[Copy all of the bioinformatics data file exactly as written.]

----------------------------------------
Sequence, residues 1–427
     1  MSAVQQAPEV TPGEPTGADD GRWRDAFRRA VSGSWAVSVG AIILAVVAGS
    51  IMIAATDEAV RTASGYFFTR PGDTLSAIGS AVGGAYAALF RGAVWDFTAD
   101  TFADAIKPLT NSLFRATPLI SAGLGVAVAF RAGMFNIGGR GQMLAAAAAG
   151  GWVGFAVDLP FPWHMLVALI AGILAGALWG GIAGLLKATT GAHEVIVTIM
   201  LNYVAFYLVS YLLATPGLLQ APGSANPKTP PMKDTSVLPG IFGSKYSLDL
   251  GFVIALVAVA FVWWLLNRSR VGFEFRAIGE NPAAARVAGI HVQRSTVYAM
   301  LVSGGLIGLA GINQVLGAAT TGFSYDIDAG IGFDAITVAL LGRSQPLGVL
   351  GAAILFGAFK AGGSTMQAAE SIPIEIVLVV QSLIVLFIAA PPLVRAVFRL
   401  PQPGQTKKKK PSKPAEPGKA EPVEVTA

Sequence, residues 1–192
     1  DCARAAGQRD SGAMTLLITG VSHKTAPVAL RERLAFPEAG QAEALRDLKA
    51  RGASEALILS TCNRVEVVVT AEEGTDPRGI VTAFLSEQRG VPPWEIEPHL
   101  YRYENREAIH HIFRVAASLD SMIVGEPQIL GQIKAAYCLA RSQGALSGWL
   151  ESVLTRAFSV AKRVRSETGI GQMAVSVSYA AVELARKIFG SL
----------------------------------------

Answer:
Sequence, residues 1–427
     1  MSAVQQAPEV TPGEPTGADD GRWRDAFRRA VSGSWAVSVG AIILAVVAGS
    51  IMIAATDEAV RTASGYFFTR PGDTLSAIGS AVGGAYAALF RGAVWDFTAD
   101  TFADAIKPLT NSLFRATPLI SAGLGVAVAF RAGMFNIGGR GQMLAAAAAG
   151  GWVGFAVDLP FPWHMLVALI AGILAGALWG GIAGLLKATT GAHEVIVTIM
   201  LNYVAFYLVS YLLATPGLLQ APGSANPKTP PMKDTSVLPG IFGSKYSLDL
   251  GFVIALVAVA FVWWLLNRSR VGFEFRAIGE NPAAARVAGI HVQRSTVYAM
   301  LVSGGLIGLA GINQVLGAAT TGFSYDIDAG IGFDAITVAL LGRSQPLGVL
   351  GAAILFGAFK AGGSTMQAAE SIPIEIVLVV QSLIVLFIAA PPLVRAVFRL
   401  PQPGQTKKKK PSKPAEPGKA EPVEVTA

Sequence, residues 1–192
     1  DCARAAGQRD SGAMTLLITG VSHKTAPVAL RERLAFPEAG QAEALRDLKA
    51  RGASEALILS TCNRVEVVVT AEEGTDPRGI VTAFLSEQRG VPPWEIEPHL
   101  YRYENREAIH HIFRVAASLD SMIVGEPQIL GQIKAAYCLA RSQGALSGWL
   151  ESVLTRAFSV AKRVRSETGI GQMAVSVSYA AVELARKIFG SL